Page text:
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There are generally thousands of taste buds scattered in the tongue. Each taste bud has about 50 to 150 taste receptors that usually perform a selective taste function. Taste receptors are cells responsible for allowing individuals to evaluate the saltiness, sweetness, and bitterness of the food and beverages they are eating and drinking. Other taste sensations that can also be detected by the taste receptors include sourness and umami.
Umami is a taste sensation the brain recognizes when individuals consume food containing glutamate, which is usually in the form of monosodium glutamate (MSG). MSG is an ingredient frequently added to many processed foods, like cheese and meat, to enhance their flavor. An example of a bitter tasting food is lettuce. Sweet foods include milk and sugar. Lemon and mango are sour, while salt and seaweed are salty.
The interpretation of taste is often made possible due to the interactions between the food molecules and the taste receptors in the tongue. For example, when a person takes a gulp from a glass of milk, the taste buds for the sense of sweet taste often undergo several chemical reactions. These reactions then result in the release of nerve signals to the brain, which in turn, interprets or acknowledges the sweet taste of milk. This is also what occurs whenever other foods with different tastes are placed in the mouth.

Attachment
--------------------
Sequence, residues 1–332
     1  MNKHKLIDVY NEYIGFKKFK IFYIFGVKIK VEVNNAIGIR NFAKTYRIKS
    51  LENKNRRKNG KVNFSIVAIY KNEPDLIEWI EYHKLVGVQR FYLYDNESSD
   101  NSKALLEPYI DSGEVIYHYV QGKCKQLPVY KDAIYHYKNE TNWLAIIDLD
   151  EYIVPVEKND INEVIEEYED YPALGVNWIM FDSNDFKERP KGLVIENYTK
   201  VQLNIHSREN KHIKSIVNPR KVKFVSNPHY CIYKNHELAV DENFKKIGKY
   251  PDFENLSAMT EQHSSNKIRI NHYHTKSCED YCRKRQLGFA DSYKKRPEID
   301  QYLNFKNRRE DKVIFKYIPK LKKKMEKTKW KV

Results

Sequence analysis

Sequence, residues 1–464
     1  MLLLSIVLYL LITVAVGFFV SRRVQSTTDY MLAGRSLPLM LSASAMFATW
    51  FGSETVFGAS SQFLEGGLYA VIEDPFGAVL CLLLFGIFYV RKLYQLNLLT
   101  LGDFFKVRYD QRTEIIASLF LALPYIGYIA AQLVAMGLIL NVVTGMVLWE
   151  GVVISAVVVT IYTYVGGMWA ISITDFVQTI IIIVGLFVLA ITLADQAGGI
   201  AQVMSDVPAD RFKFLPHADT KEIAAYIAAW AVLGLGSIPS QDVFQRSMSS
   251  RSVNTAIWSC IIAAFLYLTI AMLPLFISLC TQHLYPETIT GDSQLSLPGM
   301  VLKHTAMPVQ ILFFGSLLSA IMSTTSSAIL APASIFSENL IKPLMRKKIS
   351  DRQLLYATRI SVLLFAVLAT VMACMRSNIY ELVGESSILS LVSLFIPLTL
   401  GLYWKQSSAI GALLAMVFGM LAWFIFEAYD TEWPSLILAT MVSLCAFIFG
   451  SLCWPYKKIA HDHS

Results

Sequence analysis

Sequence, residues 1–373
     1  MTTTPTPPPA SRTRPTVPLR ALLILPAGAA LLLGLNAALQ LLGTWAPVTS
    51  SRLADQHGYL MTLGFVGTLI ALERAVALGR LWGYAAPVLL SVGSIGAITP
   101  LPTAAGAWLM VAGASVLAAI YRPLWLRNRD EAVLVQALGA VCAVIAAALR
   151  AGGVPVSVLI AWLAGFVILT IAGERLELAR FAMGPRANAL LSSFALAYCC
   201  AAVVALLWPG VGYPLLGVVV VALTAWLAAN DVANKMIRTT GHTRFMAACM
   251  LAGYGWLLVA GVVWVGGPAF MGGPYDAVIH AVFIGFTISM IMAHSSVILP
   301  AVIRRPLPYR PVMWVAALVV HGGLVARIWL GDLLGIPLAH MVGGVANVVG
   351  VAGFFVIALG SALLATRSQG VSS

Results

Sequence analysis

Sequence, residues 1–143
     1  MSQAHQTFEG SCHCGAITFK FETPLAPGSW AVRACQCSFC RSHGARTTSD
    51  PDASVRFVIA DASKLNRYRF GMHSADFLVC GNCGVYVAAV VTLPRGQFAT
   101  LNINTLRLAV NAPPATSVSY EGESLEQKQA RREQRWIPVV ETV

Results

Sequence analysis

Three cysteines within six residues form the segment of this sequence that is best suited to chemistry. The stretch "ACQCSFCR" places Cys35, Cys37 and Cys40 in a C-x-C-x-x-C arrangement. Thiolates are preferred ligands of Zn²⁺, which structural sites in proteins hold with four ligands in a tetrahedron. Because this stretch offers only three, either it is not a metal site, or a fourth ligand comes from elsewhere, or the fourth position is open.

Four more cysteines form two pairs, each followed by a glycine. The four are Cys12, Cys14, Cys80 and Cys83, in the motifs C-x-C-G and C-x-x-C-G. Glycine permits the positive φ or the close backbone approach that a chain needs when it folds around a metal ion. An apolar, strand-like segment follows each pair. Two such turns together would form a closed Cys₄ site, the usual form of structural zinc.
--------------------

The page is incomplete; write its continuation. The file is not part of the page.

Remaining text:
Not everyone has the same number of taste receptors, however, and taste sensitivity may also differ among individuals. Some people have more sensitive taste receptors than others. The number of taste receptors is often inherited by children from their parents. Taste sensitivity is also often influenced by a person's sense of smell.
Many elderly individuals experience changes in their sense of taste. This is mostly due to the decreasing number of taste receptor cells in the tongue as one gets older. The taste buds may also be reduced in number in most individuals who smoke.
Several factors can affect the functions of the taste receptors, thus leading to the development of taste disorders. These include infections in the ears and the upper respiratory tract, and injury to the nerves caused by head trauma, or surgical procedures. Some medications may also have side effects that alter the taste sensation of patients. Ingestion of harmful chemicals like insecticides may also cause some serious damage to the taste buds. Tooth problems, as well as poor oral hygiene, can also contribute to the development of taste disorders.